(Bloomberg) -- ASML Holding NV’s shares have booked a tenfold gain over the decade-long tenure of outgoing Chief Executive Officer Peter Wennink, yet in the high-flying world of the semiconductor industry that’s nothing out of the ordinary.

The chip-equipment maker’s shares have soared about 930% since Wennink took the reins back in July 2013, helped by booming demand for smartphone chips that’s driven similar gains in peers like Applied Materials Inc. and KLA Corp. That pales in comparison to some other stocks in the Philadelphia Semiconductor Index, like Nvidia Corp., which has multiplied more than 130 times over the period.

Wennink is set to be replaced by Christophe Fouquet as CEO and president when he retires next April. Chief Technology Officer Martin van den Brink, currently co-president with Wennink, is retiring at the same time, the company said in a statement today.

Wennink’s tenure coincided with a rise in the use of extreme ultraviolet (EUV) lithography in the chip manufacturing process. The technology, which faced multiple technical challenges when he took charge, was first used to power a smartphone-chip in 2019 and accounted for one-third of ASML’s revenue last year.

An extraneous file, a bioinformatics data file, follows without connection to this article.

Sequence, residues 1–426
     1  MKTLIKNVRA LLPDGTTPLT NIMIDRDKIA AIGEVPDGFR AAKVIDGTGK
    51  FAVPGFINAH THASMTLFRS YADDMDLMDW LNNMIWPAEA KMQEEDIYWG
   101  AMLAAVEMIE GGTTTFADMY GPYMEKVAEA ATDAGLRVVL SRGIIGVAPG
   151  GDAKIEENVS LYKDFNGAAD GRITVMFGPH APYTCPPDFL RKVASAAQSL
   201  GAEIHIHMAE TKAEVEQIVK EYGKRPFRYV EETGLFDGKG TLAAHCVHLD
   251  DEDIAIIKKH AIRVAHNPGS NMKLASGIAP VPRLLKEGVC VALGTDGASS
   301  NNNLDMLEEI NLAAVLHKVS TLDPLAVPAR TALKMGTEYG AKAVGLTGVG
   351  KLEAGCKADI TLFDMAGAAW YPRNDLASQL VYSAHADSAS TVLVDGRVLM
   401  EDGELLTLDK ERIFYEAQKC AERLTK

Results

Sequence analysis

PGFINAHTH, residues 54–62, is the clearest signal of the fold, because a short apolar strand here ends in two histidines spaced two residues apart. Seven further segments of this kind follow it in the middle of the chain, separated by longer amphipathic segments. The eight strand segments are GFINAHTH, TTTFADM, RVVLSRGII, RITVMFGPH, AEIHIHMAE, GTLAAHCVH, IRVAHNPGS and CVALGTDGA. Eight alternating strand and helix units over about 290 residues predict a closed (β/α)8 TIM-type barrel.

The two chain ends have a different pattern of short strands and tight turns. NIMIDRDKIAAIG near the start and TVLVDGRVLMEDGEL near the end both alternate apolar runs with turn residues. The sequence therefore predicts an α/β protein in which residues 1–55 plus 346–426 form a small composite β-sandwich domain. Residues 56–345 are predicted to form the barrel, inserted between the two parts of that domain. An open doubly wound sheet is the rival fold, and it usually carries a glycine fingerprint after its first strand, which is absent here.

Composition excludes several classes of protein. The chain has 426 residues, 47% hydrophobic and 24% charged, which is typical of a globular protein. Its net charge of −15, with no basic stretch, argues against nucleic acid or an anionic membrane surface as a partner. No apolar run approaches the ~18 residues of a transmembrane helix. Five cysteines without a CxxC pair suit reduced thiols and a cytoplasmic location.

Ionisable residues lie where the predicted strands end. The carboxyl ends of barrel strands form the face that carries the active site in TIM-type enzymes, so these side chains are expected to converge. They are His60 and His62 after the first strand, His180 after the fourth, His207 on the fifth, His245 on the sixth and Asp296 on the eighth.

While the retirement of long-serving executives does create some uncertainty, Citigroup Inc. analyst Andrew Gardiner had seen Fouquet as the most likely internal candidate to take over. The change is “the least disruptive and most smooth management succession that the market could have anticipated,” he wrote in a note.

Fouquet will now take on the responsibility of developing and scaling ASML’s next-generation equipment, dubbed high-NA EUV, a key for the company’s ambition to expand revenue to as much as €60 billion ($66 billion) by 2030.

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